If you’re unfamiliar with Moore’s Law, get acquainted.
Moore’s Law states that the number of transistors that can be inexpensively placed on an integrated circuit increases exponentially, doubling approximately every two years.
How about Gilder’s Law?
Gilder’s Law, advanced by author George Gilder, states bandwidth grows at least three times faster than computer processing power. While computer processing power doubles approximately every two years (Moore’s Law), communications power (or at least its potential) doubles every six months.
Does your head hurt yet? If computer processing power increases at an exponential rate, and bandwidth potential increases even more exponentially, how do you ensure that your advertising sees what’s behind the technological corner before your consumers do?
Today, some large companies, mostly technology vendors, are reeling in Six Sigma practices and focusing more on innovation. While I wholeheartedly endorse measurement, optimization, tracking, and research practices for online advertising, nothing is as important in the long run as technology innovations.
Think of it this way. You didn’t know Facebook existed 18 months ago. The iPhone was just a rumor 12 months ago. Things change so fast, a 25-year-old and 16-year-old likely have dissimilar online behaviors.
So what are you going to do about that, Mr. Advertiser or Monsieur Agency? What are you doing about that right now?
Here are three rules of thumb to ensure that you’re not falling behind and not only succeeding today, but walking down the road ahead.
Follow Schafer’s Rule
I made it up, so I get to name it. For each advertising concept you put in a proposal to a client, include one that you think the client would never go for because they wouldn’t understand. Advertisers, ask the same from your agencies. Odds are, you’ll fall somewhere in the middle, which will at least be a small, and hopefully continual, step forward.
Build Relationships with Tech Companies — and Lead Them
If you don’t have relationships with the leading technology companies, you’re already lagging behind. Adobe’s Macromedia, Microsoft, Google, TiVo, and many other companies aim to produce the marketplace’s best technology. Sure, they’ve got advertising arms, but who knows your marketing initiatives better than you? Advertisers and agencies, pretend these companies have no idea how to use their technologies for advertising purposes. Come up with your own ideas. When you issue a request for proposals (RFP), assume these companies can’t deliver a good idea. If you’re an agency and you want to avoid creating more work, think again and ask: how can you differentiate yourself from other options advertisers have? If you’re in sales or business development at a technology company, pay more attention to marketing innovations.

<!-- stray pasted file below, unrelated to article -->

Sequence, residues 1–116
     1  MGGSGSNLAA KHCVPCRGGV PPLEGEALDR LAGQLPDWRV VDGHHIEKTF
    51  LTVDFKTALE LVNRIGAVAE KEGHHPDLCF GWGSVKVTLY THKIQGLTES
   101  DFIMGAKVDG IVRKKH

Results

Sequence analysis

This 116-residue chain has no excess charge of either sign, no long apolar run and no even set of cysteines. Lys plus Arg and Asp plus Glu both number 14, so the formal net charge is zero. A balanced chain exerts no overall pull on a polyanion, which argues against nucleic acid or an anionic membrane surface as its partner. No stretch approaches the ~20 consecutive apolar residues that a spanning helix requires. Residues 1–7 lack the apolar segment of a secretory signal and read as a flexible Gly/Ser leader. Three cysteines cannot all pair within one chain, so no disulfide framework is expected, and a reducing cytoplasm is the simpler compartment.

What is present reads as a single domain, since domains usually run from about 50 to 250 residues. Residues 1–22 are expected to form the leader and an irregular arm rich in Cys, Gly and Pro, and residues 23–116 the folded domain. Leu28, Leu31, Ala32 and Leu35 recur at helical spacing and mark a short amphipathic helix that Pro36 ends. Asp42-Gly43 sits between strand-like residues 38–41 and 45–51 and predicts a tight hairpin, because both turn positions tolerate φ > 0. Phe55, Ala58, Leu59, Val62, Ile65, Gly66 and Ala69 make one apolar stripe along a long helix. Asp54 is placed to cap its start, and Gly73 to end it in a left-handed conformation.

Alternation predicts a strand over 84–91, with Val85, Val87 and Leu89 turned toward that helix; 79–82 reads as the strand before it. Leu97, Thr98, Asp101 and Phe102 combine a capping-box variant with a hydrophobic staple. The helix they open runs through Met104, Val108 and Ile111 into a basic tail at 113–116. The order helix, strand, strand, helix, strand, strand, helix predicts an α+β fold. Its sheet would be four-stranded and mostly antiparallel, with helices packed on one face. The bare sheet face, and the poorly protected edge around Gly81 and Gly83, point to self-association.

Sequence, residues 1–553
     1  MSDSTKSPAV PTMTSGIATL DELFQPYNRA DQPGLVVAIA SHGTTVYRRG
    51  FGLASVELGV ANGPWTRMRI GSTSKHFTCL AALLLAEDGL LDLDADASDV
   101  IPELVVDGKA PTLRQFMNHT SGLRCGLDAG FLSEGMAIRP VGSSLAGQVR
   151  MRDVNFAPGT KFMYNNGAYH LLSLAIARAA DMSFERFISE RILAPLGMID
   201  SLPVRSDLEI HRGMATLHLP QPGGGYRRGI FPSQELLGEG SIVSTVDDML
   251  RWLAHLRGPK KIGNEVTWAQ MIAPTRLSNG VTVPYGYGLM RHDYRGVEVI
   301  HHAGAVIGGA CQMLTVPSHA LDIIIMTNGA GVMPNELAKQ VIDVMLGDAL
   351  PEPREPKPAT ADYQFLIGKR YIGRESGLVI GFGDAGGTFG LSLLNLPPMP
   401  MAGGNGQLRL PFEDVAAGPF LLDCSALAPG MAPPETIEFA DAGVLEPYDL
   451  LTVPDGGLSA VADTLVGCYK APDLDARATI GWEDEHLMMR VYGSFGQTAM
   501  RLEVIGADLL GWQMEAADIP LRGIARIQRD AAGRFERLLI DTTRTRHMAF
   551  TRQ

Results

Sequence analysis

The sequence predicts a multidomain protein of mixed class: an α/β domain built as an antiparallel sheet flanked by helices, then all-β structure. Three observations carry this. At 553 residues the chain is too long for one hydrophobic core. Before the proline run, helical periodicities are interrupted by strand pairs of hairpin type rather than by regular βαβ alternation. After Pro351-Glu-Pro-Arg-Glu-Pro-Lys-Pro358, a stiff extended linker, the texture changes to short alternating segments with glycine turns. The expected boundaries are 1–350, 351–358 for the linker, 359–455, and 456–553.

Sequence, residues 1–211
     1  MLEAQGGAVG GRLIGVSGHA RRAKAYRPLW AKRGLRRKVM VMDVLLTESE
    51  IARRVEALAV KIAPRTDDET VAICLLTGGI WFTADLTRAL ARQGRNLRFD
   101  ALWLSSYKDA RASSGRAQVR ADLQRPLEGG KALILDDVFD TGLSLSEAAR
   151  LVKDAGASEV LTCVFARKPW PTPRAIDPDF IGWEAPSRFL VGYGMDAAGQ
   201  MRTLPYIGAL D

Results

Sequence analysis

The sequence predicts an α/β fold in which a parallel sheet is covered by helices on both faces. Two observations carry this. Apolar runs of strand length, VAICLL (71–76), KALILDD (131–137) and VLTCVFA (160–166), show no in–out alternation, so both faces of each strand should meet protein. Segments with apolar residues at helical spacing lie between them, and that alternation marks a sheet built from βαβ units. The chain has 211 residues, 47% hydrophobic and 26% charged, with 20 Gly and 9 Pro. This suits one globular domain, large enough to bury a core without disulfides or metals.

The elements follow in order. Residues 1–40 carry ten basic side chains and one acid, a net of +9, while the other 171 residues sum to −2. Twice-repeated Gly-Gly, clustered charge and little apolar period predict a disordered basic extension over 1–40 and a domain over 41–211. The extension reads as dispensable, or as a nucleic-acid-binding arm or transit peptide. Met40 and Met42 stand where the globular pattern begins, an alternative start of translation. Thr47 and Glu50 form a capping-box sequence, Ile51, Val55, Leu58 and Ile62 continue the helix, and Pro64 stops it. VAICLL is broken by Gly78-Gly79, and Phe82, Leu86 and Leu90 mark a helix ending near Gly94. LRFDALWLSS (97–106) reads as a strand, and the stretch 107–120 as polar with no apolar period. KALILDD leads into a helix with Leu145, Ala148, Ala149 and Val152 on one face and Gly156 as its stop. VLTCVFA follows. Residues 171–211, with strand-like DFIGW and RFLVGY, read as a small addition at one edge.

Monitor Online Conversations
If you’re not reading technology blogs like Slashdot or Techmeme, you’re behind. Unless you know what the top 1 percent is thinking and writing about now, by the time it reaches the other 99 percent you’ll be playing catch-up. It’s simple — just subscribe to the RSS feeds and always be current. And while you’re at it, subscribe to IanSchafer.com. You might learn something.
We all need to think of the future as the “yin” to the present’s “yang.” Everything you do online should prepare you for what’s next. If your “now” is somebody else’s “then,” then your “later” is happening right now for someone else. What are you waiting for?
Digital video is a massive and growing opportunity. One hundred million U.S. internet users watch online video every day, and online video ... read more
While CTRs may have worked in the 1990s, and still do have a place in email marketing, when it comes to banner ads, they’re not your friends when it comes to measuring ad effectiveness. But what other options do we have?
With the whole country in full Super Bowl swing, Instagram and Twitter get in on the fun.
Weighing the pros and cons of Facebook, YouTube, or other sites on the Web is a helpful way to determine how to best allocate ad spend for video content.